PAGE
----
'Put some respect on my name' says Macka after show-stealing performance
Veteran dancehall artiste, Macka Diamond during her 'New Rules' performance. Photo: Contributed

What a difference a couple weeks makes. Two weeks after social media users beckoned for her to retire from dancehall, 51-year-old veteran artiste Macka Diamond brought her A-game to Alkaline's 'New Rules' and turned in what attendees have dubbed a show-stealing performance at the event.

Macka commanded the stage and had the audience salivating at her every word as she delivered a captivating set, proving that although she may be perceived as 'old' she is definitely 'not out',

The 'Dye Dye' singer told OBSERVER ONLINE afterwards that she believes she has a lot more to offer in dancehall. She said although she has nothing to prove to naysayers, she wanted to use the New Rules stage to show that without confidence in self, 'one is twice defeated in the race of life'.

"Because of the struggles I went through in this industry, is like people forgot who Macka Diamond is. A just one a dem thing deh but mi did just wah people see say wah nuh dead, no dash it weh," she said. "I knew going on that stage, it was a chance to show people what I am made of. I was ready for that show. I said to myself, this is it. This is exactly what I need to show the new generation say mi still have it."

"This is what I love so whether unu think me old or young, me ago do this until me decide fi give it up," she continued. "There has to be someone in dancehall who can show people say if reggae females can sing until dem feel like, dancehall artistes can do the same once dem still feel good, look good and carry themselves a certain way. People ago thank me for this one day because mi a show di woman dem say unu can do weh unu love until unu say when."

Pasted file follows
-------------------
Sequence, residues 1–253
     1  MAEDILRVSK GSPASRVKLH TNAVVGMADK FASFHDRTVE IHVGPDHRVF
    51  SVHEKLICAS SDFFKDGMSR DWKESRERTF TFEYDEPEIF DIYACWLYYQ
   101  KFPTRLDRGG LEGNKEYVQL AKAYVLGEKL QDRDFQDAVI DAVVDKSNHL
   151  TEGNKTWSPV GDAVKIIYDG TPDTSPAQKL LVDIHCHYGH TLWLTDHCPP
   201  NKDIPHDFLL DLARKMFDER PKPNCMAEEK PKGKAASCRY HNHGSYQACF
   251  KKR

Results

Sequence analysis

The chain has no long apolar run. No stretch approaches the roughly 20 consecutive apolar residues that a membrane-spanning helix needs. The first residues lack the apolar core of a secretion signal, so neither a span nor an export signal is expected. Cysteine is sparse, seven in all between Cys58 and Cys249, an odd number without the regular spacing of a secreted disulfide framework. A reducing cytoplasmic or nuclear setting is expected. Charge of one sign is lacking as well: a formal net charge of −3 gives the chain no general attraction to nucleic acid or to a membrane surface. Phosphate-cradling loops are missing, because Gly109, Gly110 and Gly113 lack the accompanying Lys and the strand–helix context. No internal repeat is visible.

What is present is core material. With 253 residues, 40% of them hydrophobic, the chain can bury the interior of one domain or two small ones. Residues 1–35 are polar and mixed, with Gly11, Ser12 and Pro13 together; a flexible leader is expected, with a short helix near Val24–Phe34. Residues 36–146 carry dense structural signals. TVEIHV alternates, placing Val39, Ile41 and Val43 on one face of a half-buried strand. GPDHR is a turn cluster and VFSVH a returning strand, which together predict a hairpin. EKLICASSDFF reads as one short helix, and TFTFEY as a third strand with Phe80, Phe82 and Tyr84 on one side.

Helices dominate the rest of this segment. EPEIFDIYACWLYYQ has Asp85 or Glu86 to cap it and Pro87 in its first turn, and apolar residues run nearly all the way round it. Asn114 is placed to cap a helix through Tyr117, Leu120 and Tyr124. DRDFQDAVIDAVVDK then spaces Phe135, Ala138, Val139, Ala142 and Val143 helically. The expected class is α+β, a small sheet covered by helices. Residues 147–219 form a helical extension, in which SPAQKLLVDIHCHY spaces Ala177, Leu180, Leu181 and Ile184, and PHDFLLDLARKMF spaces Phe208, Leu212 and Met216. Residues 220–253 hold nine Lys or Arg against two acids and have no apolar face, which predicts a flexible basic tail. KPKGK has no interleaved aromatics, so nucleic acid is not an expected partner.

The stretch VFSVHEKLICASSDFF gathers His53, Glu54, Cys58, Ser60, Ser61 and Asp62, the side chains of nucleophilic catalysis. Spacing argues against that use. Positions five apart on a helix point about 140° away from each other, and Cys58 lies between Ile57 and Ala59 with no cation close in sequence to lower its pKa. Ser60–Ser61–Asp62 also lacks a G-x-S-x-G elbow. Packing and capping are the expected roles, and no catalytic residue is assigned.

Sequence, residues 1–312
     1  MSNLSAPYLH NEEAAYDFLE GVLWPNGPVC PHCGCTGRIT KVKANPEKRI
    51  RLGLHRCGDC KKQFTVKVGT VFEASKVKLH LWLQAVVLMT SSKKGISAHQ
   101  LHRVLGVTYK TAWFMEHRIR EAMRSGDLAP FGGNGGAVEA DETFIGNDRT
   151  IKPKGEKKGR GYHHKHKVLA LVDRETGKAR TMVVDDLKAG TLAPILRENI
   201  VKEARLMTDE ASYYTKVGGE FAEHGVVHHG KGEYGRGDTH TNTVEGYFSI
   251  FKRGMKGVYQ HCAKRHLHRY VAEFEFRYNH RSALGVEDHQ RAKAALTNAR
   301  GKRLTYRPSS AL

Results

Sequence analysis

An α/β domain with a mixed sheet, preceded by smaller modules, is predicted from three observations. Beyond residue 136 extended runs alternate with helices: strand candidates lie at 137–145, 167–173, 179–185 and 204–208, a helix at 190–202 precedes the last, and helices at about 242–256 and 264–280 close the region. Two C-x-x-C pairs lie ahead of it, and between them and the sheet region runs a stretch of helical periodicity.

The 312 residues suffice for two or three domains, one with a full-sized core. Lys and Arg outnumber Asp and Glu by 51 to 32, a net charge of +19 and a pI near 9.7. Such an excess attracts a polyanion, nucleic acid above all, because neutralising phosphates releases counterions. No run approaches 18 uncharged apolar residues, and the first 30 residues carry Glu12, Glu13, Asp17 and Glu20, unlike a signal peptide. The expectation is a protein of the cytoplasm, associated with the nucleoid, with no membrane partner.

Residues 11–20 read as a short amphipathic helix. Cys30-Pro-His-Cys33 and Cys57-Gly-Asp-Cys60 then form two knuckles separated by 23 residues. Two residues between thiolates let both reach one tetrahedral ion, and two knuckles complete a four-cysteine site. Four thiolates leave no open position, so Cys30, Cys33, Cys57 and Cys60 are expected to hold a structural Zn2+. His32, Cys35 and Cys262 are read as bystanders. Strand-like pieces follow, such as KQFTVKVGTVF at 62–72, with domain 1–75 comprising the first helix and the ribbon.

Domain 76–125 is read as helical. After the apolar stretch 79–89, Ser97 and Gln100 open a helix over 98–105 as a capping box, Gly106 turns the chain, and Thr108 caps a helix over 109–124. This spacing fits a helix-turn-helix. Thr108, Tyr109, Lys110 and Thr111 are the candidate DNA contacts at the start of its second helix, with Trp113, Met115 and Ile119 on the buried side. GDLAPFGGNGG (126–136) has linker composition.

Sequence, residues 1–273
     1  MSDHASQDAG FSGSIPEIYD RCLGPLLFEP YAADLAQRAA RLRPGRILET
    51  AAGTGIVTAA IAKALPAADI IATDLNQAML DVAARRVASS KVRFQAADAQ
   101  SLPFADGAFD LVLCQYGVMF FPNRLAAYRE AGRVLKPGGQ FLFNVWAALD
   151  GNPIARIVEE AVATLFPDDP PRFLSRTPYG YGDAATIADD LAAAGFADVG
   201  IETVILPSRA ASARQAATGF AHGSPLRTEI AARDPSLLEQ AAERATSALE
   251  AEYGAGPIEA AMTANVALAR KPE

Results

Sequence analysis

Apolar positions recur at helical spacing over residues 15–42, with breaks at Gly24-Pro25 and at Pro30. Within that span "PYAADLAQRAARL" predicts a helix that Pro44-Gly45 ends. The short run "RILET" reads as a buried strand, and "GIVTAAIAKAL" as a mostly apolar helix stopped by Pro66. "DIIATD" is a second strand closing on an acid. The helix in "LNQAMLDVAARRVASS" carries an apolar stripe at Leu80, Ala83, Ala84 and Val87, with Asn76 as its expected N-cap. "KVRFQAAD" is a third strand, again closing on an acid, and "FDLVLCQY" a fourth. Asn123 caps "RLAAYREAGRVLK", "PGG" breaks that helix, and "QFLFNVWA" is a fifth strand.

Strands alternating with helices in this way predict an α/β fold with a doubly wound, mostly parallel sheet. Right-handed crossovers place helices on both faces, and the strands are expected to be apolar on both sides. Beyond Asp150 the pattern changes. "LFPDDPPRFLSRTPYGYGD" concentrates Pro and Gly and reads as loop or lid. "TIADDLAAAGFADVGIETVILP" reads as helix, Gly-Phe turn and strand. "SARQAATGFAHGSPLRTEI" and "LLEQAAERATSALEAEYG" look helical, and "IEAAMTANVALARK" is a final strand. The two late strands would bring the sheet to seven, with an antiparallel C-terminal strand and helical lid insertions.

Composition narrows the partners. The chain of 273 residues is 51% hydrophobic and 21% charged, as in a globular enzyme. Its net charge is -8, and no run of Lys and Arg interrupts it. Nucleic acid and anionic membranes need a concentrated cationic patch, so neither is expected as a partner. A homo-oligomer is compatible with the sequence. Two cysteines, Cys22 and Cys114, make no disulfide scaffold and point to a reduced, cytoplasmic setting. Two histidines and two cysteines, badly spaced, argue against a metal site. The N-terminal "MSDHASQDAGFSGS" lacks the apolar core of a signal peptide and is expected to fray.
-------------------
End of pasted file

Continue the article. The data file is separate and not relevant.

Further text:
Macka Diamond during her show-stealing performance. Photo: Contributed

Dubbing herself the "underdog of dancehall", Macka Diamond says she feels vindicated following her New Rules showcase.

"It is such an overwhelming feeling when an underdog come and dominate a show like this and turn it over. People who were talking bad about me, now talking good and I love that," she said. "Things can make you or break you but I never try to make thing break me. A better people lowe me and make me just leave the business when me ready but di more dem fight me, a di stronger mi get."

Macka Diamond shared that while the time is now for new female talent in dancehall, critics should also admit that experience counts for a lot in the music business.

"New, fresh talent is a must. That is how we replenish the entertainment industry. But there should always be space for seasoned, experienced artistes like myself. We may not have the 'hottest songs' out now but we have a catalogue of tracks and stage experience that can give you a top-notch performance any day," she said. "That has to mean something. We affi keep the thing balanced in music."

Shereita Grizzle, Observer Online Reporter

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